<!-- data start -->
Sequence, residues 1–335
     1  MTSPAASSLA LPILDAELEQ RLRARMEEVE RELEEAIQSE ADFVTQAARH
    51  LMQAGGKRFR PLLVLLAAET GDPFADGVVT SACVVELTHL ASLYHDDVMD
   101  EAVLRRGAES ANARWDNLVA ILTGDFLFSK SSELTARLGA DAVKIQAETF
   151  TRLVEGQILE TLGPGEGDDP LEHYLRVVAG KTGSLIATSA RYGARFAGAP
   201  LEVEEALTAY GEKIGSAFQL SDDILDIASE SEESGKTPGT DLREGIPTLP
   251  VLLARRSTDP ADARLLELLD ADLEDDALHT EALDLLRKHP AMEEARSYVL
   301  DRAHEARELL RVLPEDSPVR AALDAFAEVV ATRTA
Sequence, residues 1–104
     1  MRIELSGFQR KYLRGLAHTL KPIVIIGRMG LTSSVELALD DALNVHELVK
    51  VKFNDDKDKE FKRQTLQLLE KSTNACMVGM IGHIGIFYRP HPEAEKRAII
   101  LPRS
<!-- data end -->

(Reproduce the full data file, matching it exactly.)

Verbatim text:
Sequence, residues 1–335
     1  MTSPAASSLA LPILDAELEQ RLRARMEEVE RELEEAIQSE ADFVTQAARH
    51  LMQAGGKRFR PLLVLLAAET GDPFADGVVT SACVVELTHL ASLYHDDVMD
   101  EAVLRRGAES ANARWDNLVA ILTGDFLFSK SSELTARLGA DAVKIQAETF
   151  TRLVEGQILE TLGPGEGDDP LEHYLRVVAG KTGSLIATSA RYGARFAGAP
   201  LEVEEALTAY GEKIGSAFQL SDDILDIASE SEESGKTPGT DLREGIPTLP
   251  VLLARRSTDP ADARLLELLD ADLEDDALHT EALDLLRKHP AMEEARSYVL
   301  DRAHEARELL RVLPEDSPVR AALDAFAEVV ATRTA
Sequence, residues 1–104
     1  MRIELSGFQR KYLRGLAHTL KPIVIIGRMG LTSSVELALD DALNVHELVK
    51  VKFNDDKDKE FKRQTLQLLE KSTNACMVGM IGHIGIFYRP HPEAEKRAII
   101  LPRS